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I have this simple Java Code which creates a single JFrame instance and displays it. This link contains the screenshot of memory consumption graph taken by jconsole

enter image description here

What worries me is that java.exe in task manager shows memory usage continuously increasing at the rate of 4-5 kbs every 8-9 seconds. Need help

import javax.swing.*;

class MyGUI extends JFrame
{
    public void makeGUI()
    {
        setLayout(null);
        setSize(500, 200);
        setDefaultCloseOperation(JFrame.EXIT_ON_CLOSE);
        setVisible(true);
    }
}

public class Launcher
{
    public static void main(String []args)
    {
        SwingUtilities.invokeLater(new Runnable()
                    {
                       public void run()
                       {
                        new MyGUI().makeGUI();
                       }
                    });
    }
}
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2  
Just so you know, you should rarely have to extend JFrame. And why is this worrying you? Its such a small amount of memory and it probably relates to the internal workings of Swing, or the JVM. It's not like its leaking memory. –  thatidiotguy Oct 3 '12 at 14:54
1  
JConsole's polling for data does actually lead to heap memory usage. So there is some noise from measuring. If running a GC frees the memory again, it all looks cool. –  gnomie Oct 3 '12 at 15:00
1  
I think those are more like instances created by the JVM itself that the Garbage Collector erases from time to time, and it's not really due to your application's instances. –  Shivan Dragon Oct 3 '12 at 15:00
    
Thank You everyone for posting answers. It really hepled me –  user1717415 Oct 3 '12 at 19:32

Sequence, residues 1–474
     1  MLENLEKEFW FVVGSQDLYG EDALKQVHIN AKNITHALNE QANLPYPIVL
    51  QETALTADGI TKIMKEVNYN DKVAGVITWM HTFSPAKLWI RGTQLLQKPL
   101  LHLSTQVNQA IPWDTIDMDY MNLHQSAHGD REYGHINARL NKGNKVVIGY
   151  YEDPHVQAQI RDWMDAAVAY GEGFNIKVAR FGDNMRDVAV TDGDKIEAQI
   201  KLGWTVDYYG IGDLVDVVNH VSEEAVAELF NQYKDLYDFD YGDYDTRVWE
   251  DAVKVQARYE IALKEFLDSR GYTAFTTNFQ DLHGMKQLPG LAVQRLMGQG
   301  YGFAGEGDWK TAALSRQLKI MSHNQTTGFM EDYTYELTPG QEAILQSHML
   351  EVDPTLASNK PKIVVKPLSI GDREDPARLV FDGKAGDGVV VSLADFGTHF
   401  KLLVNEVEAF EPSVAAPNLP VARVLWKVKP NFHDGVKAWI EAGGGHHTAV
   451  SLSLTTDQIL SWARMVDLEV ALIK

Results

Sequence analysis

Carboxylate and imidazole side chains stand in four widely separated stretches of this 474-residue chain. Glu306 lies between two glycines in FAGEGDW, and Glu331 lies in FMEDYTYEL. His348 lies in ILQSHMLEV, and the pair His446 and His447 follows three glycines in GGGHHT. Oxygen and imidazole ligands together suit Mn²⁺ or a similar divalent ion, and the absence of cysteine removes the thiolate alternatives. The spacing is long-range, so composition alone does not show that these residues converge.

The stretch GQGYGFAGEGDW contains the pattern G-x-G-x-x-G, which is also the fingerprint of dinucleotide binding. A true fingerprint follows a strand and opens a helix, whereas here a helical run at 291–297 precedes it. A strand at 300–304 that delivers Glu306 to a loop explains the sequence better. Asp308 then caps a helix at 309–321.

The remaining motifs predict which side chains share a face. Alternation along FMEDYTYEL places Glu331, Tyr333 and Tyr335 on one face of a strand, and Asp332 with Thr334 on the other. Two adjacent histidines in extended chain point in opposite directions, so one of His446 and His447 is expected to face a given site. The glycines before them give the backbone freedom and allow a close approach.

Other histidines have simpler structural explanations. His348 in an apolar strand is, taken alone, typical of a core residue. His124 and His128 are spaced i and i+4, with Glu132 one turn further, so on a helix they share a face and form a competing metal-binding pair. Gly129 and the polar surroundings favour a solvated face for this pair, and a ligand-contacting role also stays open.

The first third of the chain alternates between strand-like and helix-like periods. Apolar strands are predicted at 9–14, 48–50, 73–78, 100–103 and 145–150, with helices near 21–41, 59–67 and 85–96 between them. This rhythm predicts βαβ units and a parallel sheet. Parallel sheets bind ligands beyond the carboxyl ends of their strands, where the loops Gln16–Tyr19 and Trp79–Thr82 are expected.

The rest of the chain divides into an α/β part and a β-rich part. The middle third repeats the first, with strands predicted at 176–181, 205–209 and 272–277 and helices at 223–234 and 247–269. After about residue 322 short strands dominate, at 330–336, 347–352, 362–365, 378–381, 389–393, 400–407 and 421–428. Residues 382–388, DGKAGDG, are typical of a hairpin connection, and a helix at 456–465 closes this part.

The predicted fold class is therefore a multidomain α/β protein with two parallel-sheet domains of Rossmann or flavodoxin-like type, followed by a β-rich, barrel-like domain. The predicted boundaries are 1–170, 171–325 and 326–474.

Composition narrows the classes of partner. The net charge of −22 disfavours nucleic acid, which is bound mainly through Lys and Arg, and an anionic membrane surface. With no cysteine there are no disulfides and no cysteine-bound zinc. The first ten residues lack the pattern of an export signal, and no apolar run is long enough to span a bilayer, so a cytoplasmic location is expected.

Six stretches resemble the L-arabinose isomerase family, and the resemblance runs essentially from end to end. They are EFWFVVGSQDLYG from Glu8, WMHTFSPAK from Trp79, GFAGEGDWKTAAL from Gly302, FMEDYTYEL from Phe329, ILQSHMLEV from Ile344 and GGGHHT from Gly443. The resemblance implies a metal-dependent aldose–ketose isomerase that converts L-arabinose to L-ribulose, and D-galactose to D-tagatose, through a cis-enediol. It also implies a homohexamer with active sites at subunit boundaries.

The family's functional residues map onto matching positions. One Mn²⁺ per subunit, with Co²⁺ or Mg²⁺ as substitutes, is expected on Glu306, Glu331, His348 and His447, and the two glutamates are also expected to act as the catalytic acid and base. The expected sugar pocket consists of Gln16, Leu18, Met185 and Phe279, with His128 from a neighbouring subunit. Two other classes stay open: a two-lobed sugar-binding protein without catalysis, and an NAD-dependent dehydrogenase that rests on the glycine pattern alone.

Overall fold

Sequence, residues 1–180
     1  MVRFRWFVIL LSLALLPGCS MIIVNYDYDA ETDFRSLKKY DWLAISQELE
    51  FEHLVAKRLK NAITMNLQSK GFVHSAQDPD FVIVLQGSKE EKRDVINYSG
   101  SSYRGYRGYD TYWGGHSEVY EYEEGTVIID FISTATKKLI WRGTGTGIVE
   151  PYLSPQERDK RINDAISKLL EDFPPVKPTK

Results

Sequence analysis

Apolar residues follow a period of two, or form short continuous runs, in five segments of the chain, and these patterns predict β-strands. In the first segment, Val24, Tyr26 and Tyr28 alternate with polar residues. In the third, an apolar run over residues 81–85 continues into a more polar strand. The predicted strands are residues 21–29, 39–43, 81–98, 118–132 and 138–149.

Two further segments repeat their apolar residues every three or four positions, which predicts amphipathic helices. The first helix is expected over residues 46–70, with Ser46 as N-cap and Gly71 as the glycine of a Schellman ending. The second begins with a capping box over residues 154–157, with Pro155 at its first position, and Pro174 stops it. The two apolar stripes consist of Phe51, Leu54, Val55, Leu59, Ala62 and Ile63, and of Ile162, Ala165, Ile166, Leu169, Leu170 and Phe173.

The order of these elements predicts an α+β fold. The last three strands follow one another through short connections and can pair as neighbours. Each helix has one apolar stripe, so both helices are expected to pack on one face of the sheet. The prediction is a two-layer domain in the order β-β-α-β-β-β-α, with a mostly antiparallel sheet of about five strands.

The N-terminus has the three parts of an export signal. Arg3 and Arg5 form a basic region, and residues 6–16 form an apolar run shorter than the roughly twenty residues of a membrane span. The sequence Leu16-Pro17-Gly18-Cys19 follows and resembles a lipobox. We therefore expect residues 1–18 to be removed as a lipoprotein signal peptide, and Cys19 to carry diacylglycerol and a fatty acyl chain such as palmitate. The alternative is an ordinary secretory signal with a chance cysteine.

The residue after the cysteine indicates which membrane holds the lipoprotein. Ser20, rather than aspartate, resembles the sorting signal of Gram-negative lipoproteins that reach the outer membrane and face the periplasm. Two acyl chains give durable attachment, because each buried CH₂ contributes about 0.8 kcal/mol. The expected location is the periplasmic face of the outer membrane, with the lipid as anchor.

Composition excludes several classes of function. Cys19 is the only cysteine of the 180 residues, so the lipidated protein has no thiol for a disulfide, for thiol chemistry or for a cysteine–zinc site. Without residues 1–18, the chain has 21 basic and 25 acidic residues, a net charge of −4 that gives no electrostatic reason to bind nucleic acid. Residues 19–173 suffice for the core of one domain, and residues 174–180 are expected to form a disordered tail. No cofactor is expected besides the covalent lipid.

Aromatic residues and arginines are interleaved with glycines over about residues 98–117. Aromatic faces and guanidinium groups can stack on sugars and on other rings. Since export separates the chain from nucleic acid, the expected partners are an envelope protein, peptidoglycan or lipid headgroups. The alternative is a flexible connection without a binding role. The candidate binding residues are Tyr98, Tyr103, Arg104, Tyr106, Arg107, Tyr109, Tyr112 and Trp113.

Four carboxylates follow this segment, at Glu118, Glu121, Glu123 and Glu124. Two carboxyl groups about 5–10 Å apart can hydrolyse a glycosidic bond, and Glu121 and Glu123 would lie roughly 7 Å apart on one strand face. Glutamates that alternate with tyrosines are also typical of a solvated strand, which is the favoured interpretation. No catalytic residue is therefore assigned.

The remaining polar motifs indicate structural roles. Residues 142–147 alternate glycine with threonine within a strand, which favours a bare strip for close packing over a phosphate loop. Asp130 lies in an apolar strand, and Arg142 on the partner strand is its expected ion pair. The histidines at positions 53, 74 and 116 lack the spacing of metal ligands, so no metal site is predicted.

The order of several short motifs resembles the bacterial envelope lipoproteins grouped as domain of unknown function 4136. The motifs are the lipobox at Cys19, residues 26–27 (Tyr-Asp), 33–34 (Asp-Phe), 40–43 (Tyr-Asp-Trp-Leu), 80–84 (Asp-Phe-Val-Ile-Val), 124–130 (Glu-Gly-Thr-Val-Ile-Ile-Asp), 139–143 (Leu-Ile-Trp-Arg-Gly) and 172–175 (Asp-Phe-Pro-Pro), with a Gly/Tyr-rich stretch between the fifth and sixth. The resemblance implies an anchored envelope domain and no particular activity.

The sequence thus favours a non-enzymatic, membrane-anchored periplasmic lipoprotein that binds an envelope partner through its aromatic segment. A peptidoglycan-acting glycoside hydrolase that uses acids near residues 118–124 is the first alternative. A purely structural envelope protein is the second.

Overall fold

@user1717415 accept answers please –  djechlin Dec 13 '12 at 21:26

3 Answers 3

up vote 7 down vote accepted

The profile looks perfectly normal - the program creates objects and from time to time, the garbage collector frees memory by getting rid of the objects that are not reachable any longer.

The important observation is that the trough points are all more or less at the same level so it does not look like your code has a memory management issue.

You could reduce the height of the peaks by setting the maximum amount of heap space to a lower level but 5 MB is not much anyway...

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2  
+1 See also this contrasting example. –  trashgod Oct 3 '12 at 15:31
    
its about Java imports –  mKorbel Oct 3 '12 at 16:20

I think that this memory is due to the generation of the objects used by swing, like the various UI events (mouse movement, etc...). Swing tends to generate objects for every events and call the listeners handling those events. After that these event-related objects are not used anymore (except if you keep reference to them).

This is not a memory leak, it's normal behaviour. In fact, in your screenshot of the memory consumption, the memory fall sharply when the garbage collector free these objects.

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Java tends to use memory as it needs to. It doesn't garbage collect very often and so it will naturally increase in size even with a simple program while running. Since it has to make classes for minor events that you don't even see mostly.

You can always call System.gc() if you want to force java to garbage collect and reduce the memory usage manually, but you should only use it very sparingly.

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System.gc() does not force a garbage collection - cf javadoc: "Calling the gc method suggests that the Java Virtual Machine expend effort toward recycling unused objects in order to make the memory they currently occupy available for quick reuse." –  assylias Oct 3 '12 at 15:08

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